2019 Madeira EWS – Is a Trend Developing?
Two familiar faces landed on top of the Pro podium after eight stages of racing in Madeira. In the women’s race, Isabeau Courdurier took her third win of the season, putting close to a minute into nearest rival, Noga Korem. Martin Maes also won his third straight race of 2019, by a lick over 30 seconds over local Portuguese lad, Jose Borges.
Isabeau shares some thoughts on the Madeira race over the weekend.
Martin talks about his focus for the weekend in Madeira.
While racing was intense on the dry, blown out track and there were interesting equipment choices — like Maes running a hybrid wheel setup of 29 front and 27.5 rear — it brought up something else I found fascinating. There’s a trend beginning to form on the results sheet of the Enduro World Series. In 2013 when the EWS debuted there were two racers who dominated the podium; Jérôme Clementz and Tracy Moseley.
Moseley continued her dominance throughout 2014 and 2015 and won 71% of the events she entered during the three years she raced. Her worst result was second place. And the trend appears to be repeating itself in the women’s field. After Tracy retired, Cécile Ravanel took over as the dominant racer. From 2016–2018, Ravanel won everything aside from two events. Those were a second to Tracy when she returned for the 2016 Wicklow stop, and a second to Isabeau in 2017. Before Tracy’s retirement, Cécile showed she had the pace for the top step. She beat Tracy at the Whistler stop in 2014, and was consistently in the medals elsewhere with a slew of second and third place finishes.
Cécile’s winning rate since she started taking series crowns is an astonishing 91% but an injury during the 2018/19 off-season has forced her to take a break. It’s too early to know what will happen when things wrap up in Finale, Italy, this year, but my crystal ball says Isabeau Courdurier's current form and rankings lead will be hard to beat. Like Cécile, Isabeau has shown she can win against the best, beating Ravanel at the 2017 stop in Tasmania. Isabeau hasn't finished off the podium since Finale in 2015.
Cécile will be back racing as soon as she can and despite the severity of her injury—a broken neck at the C5 and C6—she’ll still be wicked fast. She has confessed to loving winning and not being bored by her dominance leaving me to question when, rather than if, she’ll win again. If Cécile's winning form returns before 2022, or Isabeau is beat by another competitor, the trend dies.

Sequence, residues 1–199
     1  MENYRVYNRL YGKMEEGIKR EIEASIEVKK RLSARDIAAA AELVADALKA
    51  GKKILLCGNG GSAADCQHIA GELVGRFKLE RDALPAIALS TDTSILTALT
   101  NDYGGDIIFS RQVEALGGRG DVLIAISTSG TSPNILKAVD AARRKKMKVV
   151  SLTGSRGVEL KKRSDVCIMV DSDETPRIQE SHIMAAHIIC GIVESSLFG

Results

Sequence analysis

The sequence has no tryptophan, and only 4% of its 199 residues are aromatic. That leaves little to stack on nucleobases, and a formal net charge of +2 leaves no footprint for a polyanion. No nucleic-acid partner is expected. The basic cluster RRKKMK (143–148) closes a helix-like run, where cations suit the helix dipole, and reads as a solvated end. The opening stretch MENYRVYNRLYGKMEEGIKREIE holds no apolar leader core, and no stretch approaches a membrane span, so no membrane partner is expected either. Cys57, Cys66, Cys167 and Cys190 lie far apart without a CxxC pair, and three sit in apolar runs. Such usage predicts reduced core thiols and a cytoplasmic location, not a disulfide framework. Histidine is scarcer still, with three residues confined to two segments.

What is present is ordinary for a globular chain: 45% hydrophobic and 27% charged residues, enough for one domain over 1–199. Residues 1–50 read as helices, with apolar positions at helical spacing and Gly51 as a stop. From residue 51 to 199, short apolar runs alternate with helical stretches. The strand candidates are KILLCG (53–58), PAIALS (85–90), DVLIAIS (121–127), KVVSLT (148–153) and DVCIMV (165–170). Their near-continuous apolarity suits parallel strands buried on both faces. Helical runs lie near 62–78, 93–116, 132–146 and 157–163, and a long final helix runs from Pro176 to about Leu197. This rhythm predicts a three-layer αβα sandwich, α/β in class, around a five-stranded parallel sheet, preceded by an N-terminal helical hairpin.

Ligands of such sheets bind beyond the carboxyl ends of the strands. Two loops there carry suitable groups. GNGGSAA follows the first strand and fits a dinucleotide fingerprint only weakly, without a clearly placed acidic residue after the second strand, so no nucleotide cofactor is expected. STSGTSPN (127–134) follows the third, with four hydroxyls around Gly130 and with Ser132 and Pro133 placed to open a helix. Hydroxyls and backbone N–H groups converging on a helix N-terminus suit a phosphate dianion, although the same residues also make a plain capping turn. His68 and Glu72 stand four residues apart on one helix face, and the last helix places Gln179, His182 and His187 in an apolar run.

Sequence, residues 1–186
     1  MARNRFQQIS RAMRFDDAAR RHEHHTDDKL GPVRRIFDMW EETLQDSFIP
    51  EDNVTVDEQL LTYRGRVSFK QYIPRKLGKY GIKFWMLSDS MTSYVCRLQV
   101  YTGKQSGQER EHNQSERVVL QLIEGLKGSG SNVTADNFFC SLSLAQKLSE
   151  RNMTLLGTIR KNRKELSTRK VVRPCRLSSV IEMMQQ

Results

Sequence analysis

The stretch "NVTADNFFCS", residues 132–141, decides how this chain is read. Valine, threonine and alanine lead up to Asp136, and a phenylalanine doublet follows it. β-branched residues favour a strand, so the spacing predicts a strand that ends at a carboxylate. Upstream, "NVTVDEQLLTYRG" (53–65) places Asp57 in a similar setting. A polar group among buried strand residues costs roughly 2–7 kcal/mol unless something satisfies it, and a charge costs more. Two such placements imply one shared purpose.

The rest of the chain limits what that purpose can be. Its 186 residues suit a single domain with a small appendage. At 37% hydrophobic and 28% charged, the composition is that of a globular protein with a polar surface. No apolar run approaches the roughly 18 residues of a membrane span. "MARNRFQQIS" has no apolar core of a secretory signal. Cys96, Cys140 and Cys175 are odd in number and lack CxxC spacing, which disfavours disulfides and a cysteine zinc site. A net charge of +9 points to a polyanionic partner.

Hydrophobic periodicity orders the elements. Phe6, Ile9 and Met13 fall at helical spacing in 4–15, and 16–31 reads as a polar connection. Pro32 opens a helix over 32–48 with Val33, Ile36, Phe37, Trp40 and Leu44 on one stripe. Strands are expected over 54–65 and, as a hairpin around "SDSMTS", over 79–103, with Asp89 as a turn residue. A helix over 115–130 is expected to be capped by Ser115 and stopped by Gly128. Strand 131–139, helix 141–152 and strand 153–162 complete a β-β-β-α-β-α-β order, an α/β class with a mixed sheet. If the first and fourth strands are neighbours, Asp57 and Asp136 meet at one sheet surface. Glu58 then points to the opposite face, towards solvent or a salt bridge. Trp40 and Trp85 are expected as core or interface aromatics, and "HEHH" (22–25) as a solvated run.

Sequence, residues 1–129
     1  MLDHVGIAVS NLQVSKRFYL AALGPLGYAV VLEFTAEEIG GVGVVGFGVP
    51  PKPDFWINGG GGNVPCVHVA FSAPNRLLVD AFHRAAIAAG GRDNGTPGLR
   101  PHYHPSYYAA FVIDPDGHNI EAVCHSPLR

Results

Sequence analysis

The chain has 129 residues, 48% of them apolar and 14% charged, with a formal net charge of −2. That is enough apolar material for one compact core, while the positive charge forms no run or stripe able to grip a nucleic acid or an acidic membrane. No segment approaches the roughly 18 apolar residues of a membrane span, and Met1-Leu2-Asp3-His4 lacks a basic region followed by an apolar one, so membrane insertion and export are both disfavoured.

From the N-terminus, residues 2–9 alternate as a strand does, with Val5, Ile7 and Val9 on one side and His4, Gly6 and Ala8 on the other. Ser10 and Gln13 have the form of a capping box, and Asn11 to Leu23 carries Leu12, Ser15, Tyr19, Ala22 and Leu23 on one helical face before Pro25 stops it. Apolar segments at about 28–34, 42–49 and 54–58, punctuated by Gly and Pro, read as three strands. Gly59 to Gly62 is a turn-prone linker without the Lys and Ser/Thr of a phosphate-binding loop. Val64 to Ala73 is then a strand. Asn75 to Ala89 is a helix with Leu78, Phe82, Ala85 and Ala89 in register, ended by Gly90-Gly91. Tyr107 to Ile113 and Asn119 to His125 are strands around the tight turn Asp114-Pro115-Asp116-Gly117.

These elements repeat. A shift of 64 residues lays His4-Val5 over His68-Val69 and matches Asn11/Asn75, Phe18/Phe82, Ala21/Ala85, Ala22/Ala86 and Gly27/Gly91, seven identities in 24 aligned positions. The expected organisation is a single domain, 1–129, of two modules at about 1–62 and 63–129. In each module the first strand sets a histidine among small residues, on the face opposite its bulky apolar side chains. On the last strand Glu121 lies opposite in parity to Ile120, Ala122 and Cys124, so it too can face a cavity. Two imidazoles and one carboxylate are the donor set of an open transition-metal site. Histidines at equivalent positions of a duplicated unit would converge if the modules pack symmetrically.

The women’s field has been dominated by a select few who've consistently shown strong results before starting to take scalps. Keep an eye on Noga Korem in the future…
In the men’s category, dominance has a shorter shelf life. After Jérôme won the opening season, the sophomore year of 2014 went to Jared Graves. But it was his teammate, Richie Rude who took over in 2015—marking the start of a different trend. With the first two years seeing two different winners, Richie successfully won consecutive championship titles in 2015 and 2016. A shoulder injury in the 2014/15 off-season kept Jared from the races and he missed the first three rounds as well as the fifth. In 2016 his results were inconsistent; he won in Finale but also placed 155th at round three in Wicklow. He hasn’t been a major threat since.
Richie showed complete domination during his time as champion but suddenly didn’t seem capable of putting a race together. At that time Sam Hill had done a few races and was starting to show potential. After finishing second at his first two EWS events, he won his third in Valberg, France. In 2017 he made the EWS his full-time focus and took wins all over the globe. For 2018 he continued his winning form and secured a second consecutive championship title, following Richie’s footsteps. Now three rounds into 2019, Sam is struggling—like Richie before him—to find winning form.
Martin Maes is positioned well for the 2019 championship title. His 2018 season finished with impressive performances in both World Cup Downhill and Enduro World Series events. Bringing that momentum into 2019 has placed him on a different planet. But well before 2018, Martin showed the promise of brilliance. He raced his first season as a junior but jumped up to the pro category the following season, despite still having a season of junior eligibility left. Martin wanted the challenge and while it beat him down a few times, it's paying off now.
At just 22, Martin is showing the maturity with his racing that normally takes years, or even a lifetime, to develop. Of the 19 stages he's raced in 2019, Martin has won 14 including all three of the “Queen Stages”—worth an extra 40 points toward his season's overall tally. With wins worth 500 points and the extra 40 points for Queen Stage wins, Maes has a solid lead of 380 points over Florian Nicolai. Isabeau is in a similarly stable position, also winning all the Queen Stages in addition to each round. That gives her a 420 point buffer over Noga Korem.
Racers now have more than a month break before they're back between the tape in Val Di Fassa, Italy. While we'll have to wait and see what happens, it would be foolish to bet against either Martin or Isabeau continuing their winning streaks. Can they go the full pull and continue all season? Until they have some sort of mishap, expect to see them continue their ultra consistent, high-speed antics.